To Form a More Perfect Union
Between 1774 and 1789, 13 colonies became a nation - the United States of America. In 1774, Great Britain's North American colonies first came together to defend themselves against wrongs committed by their "mother country." By 1789, these colonies had become independent states, joined by a new federal constitution into a single nation.
Assembling representatives from every colony, the Continental Congress (1774-1789) began as a coordinated effort to resist the British. With the outbreak of the Revolutionary War, the Congress became the central institution for managing the struggle for American independence.
Independence raised new issues. How could thirteen separate self-governed states unite? What form would that union take? The Articles of Confederation (1781-1789) were America's first attempt to govern itself as an independent nation. They united the states as a confederation - a loose league of states represented in a Congress.
In 1783, with the war formally drawing to a close, the Congress faced a wider range of issues: the disbanding of the Continental Army, the large debts owed by each state, foreign debts owed by the Confederation, the governing of territories won from the British, and the establishment of formal relationships with foreign countries.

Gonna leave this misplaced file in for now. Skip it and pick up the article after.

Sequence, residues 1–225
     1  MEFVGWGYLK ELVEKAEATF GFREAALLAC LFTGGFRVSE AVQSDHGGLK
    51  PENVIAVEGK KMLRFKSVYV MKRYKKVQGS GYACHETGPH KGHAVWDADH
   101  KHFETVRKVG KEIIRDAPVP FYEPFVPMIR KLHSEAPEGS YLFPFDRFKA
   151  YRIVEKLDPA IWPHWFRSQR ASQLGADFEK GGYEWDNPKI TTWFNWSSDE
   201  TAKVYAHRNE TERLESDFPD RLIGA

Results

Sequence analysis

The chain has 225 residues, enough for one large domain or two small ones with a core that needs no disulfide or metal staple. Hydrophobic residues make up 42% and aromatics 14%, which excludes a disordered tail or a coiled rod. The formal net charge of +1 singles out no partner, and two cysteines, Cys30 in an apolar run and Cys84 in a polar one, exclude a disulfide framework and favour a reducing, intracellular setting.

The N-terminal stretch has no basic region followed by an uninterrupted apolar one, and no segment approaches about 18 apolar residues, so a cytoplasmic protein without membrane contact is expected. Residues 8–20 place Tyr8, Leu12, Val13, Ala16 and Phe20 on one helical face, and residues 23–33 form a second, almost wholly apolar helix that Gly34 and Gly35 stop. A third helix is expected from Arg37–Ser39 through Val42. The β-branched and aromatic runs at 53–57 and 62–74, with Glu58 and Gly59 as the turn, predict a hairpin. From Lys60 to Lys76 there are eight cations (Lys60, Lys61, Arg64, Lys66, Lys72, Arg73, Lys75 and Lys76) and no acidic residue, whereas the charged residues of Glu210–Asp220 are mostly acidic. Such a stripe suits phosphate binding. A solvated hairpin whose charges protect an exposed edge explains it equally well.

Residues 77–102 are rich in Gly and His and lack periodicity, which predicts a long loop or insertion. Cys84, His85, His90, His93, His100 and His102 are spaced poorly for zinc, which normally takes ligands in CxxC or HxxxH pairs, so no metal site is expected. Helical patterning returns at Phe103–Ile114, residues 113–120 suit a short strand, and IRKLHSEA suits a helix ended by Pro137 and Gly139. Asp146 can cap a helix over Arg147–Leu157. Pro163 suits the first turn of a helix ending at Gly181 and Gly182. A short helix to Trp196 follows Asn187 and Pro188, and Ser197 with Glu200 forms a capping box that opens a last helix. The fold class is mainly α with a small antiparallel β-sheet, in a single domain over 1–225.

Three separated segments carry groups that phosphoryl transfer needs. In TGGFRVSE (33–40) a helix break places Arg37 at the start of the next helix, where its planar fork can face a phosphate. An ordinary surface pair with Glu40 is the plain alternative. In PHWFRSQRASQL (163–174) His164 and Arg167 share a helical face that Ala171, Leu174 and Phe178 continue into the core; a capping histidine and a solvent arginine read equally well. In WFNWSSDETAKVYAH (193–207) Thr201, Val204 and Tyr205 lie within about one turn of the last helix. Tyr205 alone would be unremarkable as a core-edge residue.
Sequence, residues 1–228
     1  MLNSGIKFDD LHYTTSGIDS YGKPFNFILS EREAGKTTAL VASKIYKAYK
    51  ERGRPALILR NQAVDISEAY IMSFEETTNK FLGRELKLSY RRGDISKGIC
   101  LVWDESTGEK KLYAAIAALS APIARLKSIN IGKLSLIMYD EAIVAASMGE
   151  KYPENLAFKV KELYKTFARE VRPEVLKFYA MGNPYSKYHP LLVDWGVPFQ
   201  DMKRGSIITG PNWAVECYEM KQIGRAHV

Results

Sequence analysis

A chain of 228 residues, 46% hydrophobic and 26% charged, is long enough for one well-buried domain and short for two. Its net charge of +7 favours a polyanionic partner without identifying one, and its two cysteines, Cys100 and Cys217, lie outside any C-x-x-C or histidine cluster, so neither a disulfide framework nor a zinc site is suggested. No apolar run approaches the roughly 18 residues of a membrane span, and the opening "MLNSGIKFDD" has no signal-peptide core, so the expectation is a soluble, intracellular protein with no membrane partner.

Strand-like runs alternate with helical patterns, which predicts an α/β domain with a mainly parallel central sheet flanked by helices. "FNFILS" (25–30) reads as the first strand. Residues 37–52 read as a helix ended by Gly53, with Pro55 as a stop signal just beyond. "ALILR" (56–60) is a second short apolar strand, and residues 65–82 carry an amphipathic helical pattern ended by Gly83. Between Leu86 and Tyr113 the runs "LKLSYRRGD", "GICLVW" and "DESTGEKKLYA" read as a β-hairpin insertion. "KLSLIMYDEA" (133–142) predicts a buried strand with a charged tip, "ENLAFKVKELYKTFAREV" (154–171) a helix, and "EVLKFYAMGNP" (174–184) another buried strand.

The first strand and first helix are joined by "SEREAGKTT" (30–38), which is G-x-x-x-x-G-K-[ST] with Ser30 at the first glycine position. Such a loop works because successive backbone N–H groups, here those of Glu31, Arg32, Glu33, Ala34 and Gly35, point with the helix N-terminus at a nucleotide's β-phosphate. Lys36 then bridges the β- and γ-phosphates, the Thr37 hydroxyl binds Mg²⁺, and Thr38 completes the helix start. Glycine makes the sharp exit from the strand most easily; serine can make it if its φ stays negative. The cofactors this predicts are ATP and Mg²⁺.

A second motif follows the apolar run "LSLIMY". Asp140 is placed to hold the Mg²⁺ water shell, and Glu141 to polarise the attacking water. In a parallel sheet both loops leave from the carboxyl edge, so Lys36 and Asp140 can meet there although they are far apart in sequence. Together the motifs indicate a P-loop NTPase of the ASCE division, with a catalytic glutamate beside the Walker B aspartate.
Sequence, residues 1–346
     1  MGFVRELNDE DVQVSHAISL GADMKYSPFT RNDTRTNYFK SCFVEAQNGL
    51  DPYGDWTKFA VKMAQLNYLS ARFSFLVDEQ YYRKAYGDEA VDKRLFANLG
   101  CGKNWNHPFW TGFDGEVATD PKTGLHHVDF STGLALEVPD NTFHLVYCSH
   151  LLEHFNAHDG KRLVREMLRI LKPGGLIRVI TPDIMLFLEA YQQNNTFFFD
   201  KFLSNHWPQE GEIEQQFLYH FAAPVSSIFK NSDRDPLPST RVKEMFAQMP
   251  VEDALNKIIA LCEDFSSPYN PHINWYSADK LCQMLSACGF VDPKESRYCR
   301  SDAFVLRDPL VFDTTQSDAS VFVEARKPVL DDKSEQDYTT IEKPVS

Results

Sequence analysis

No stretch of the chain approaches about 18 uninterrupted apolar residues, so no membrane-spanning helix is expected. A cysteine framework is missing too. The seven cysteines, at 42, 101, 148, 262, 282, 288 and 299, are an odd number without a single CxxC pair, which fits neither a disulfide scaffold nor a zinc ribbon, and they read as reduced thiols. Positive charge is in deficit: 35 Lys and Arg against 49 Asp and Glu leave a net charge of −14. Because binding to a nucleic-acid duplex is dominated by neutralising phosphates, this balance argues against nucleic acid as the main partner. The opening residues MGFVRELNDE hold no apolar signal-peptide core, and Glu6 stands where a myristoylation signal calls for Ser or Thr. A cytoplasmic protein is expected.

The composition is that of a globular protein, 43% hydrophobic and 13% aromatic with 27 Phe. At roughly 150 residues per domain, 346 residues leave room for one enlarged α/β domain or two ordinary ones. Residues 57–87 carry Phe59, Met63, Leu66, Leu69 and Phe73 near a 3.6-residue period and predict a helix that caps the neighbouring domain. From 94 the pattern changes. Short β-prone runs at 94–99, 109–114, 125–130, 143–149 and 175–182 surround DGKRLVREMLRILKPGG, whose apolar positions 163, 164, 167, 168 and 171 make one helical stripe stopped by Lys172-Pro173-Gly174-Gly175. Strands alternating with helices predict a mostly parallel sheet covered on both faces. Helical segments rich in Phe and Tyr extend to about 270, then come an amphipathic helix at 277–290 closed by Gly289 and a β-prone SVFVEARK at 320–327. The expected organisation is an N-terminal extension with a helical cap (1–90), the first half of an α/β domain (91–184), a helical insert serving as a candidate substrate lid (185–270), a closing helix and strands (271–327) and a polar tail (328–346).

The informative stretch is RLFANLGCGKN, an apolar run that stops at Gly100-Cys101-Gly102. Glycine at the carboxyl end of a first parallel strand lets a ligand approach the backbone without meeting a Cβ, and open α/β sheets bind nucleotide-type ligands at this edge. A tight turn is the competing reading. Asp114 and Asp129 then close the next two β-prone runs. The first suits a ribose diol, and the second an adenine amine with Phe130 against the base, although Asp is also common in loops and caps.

Despite the Congress's continued efforts to improve its effectiveness, many Americans saw the need for a more powerful central authority; the Congress as defined by the Articles of Confederation was too weak to make the states obey congressional mandates. Anxious for change, in 1786, leading statesmen called for a special convention to revise the Articles -- the Constitutional Convention.
The Constitutional Convention of 1787 proposed a new constitution establishing a much stronger national government. Although this controversial new Constitution provoked a great deal of resistance, it was eventually ratified by the necessary number of states, replacing the Articles of Confederation as the framework of the United States government.
Debate and compromise, controversy and tedious detail, foreign affairs and domestic problems, are all included in the 267 documents of the Continental Congress and Constitutional Convention Broadside Collections. Including public announcements of congressional actions, drafts of legislation, committee reports, and final versions of legislation or treaties, these broadsides illustrate the evolution of a government, from a legislative body called together in the crisis of war, to an intricate system of checks and balances. These documents show the birth of the American nation.